Safety campaigner Paul Lamplugh has been made an OBE in the Queen's New Year Honours List.
The trust has a network of 700 personal safety trainers and tutors
Mr Lamplugh and his wife Diana set up a trust after their daughter Suzie went missing in 1986.
Mrs Lamplugh, who was appointed an OBE in 1992, had to step down from the personal safety charity after being diagnosed with Alzheimer's disease.
Her 73-year-old husband, who also had to step down to look after her, said the honour was "support for the trust."
"I'm so pleased that the work we did together for 18 years has been recognised in this way and we hope to carry it forward," he said.
"The sad thing is I can't tell her, but it is wonderful, I just can't believe it.
"I always wanted to do my little bit to change the world, like everyone else, and I think we have done.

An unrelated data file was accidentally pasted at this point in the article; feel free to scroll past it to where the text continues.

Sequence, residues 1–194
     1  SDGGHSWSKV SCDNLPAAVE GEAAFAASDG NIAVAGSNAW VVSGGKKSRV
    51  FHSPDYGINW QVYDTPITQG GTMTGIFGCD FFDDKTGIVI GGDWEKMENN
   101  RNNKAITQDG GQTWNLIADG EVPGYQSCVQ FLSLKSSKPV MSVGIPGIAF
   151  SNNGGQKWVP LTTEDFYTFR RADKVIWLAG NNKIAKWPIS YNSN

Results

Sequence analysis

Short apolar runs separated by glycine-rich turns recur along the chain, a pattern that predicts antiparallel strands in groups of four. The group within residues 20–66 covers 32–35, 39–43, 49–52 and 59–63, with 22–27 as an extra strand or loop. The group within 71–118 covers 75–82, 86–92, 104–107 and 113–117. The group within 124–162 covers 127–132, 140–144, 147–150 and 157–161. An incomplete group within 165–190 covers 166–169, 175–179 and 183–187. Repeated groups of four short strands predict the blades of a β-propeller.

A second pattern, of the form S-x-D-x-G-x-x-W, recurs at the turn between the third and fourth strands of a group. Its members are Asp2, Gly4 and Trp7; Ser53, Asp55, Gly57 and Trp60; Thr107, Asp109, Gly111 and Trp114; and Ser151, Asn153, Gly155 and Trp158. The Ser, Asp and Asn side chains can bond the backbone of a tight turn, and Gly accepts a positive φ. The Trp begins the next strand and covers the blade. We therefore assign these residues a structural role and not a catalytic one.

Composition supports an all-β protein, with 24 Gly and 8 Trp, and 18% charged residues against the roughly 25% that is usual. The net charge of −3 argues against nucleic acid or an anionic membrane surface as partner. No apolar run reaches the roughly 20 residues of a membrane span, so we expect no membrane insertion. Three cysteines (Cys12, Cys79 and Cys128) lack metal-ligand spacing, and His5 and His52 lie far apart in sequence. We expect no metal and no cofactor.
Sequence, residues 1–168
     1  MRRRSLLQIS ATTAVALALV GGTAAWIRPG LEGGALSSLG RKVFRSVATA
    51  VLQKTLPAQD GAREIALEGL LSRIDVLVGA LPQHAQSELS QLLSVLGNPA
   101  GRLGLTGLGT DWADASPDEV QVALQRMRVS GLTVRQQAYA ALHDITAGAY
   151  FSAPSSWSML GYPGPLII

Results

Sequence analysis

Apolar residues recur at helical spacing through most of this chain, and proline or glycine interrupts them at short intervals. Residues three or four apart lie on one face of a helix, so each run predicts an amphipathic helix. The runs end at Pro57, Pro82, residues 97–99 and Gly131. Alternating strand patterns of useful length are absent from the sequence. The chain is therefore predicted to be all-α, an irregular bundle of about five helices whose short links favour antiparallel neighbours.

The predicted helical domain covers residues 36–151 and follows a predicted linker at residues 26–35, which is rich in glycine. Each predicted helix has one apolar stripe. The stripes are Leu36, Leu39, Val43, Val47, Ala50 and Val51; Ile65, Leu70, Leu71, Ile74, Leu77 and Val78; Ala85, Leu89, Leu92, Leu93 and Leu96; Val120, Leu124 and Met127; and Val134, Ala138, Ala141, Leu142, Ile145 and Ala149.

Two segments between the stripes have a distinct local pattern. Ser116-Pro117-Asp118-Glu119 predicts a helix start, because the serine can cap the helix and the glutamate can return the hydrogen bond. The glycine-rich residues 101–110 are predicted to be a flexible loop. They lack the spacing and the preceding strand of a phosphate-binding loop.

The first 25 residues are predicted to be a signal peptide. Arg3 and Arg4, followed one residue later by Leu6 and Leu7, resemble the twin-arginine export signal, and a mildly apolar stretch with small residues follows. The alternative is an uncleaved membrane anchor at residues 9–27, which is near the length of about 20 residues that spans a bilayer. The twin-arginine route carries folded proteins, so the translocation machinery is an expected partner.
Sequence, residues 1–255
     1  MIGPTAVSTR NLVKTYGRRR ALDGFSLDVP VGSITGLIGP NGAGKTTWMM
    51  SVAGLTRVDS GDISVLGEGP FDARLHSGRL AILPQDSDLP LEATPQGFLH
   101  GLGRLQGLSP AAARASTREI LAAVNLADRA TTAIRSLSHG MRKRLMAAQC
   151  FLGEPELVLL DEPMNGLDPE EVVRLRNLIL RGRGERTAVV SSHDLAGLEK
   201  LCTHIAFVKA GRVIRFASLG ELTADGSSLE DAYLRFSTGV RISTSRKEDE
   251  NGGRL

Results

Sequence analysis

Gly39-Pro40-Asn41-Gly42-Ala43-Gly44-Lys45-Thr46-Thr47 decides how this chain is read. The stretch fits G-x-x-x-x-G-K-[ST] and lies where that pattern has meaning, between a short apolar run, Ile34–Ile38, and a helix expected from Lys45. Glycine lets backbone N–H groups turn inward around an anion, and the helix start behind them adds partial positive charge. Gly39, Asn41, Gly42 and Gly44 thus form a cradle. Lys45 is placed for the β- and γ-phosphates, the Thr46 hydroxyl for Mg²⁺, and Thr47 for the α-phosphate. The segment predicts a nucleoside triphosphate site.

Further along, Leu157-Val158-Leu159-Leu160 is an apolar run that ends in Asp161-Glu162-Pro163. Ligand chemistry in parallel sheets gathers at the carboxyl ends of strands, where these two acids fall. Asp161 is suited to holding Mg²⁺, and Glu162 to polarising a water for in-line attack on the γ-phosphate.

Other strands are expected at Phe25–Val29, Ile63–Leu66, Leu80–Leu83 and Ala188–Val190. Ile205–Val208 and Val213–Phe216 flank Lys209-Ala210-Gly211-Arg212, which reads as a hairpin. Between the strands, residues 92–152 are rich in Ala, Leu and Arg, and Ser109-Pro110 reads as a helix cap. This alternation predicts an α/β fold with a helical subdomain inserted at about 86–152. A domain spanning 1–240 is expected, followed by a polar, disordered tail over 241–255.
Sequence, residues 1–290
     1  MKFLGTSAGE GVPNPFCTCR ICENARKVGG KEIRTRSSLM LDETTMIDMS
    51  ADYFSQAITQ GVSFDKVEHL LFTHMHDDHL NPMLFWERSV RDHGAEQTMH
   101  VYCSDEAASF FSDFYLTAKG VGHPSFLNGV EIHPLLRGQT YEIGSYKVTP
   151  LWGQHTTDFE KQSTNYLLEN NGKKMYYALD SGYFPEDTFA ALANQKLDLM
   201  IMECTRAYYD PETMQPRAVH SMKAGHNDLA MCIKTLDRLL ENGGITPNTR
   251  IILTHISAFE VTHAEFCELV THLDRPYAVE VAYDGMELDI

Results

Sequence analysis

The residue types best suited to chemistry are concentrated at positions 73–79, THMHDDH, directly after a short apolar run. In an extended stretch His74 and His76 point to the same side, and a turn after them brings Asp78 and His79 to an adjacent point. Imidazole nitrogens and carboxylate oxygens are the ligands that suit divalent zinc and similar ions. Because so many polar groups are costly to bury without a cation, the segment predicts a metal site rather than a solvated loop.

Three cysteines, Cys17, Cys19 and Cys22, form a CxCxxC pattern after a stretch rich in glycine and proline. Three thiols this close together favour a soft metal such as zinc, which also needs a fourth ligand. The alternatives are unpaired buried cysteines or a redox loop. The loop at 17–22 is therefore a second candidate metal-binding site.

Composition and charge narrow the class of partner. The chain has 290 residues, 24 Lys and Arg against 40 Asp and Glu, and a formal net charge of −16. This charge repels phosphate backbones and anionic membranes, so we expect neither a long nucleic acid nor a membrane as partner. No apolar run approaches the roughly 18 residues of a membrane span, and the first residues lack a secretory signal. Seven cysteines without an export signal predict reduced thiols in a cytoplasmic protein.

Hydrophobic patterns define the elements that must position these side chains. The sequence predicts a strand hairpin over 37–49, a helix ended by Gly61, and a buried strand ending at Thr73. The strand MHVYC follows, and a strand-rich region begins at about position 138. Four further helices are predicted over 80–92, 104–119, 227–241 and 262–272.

"I feel this is support for the Trust to achieve Diana's vision."
Mrs Lamplugh was diagnosed with the disease in 2003 after a stroke which led to almost a complete loss of memory.
Estate agent Suzy went missing while showing a client a property in Fulham, west London.
Her body has never been found and in 1993 she was declared dead, presumed murdered.
Mrs Lamplugh and her husband set up the Suzy Lamplugh Trust to help people lead safer lives.
It now has 16 staff and a network of more than 700 personal safety trainers and tutors throughout the UK.